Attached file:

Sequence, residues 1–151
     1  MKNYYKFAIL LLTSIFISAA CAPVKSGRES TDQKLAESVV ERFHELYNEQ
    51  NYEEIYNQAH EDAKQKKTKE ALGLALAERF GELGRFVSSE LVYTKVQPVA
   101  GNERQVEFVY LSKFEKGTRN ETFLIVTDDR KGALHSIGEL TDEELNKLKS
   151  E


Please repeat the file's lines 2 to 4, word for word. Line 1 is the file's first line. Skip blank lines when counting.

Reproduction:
     1  MKNYYKFAIL LLTSIFISAA CAPVKSGRES TDQKLAESVV ERFHELYNEQ
    51  NYEEIYNQAH EDAKQKKTKE ALGLALAERF GELGRFVSSE LVYTKVQPVA
   101  GNERQVEFVY LSKFEKGTRN ETFLIVTDDR KGALHSIGEL TDEELNKLKS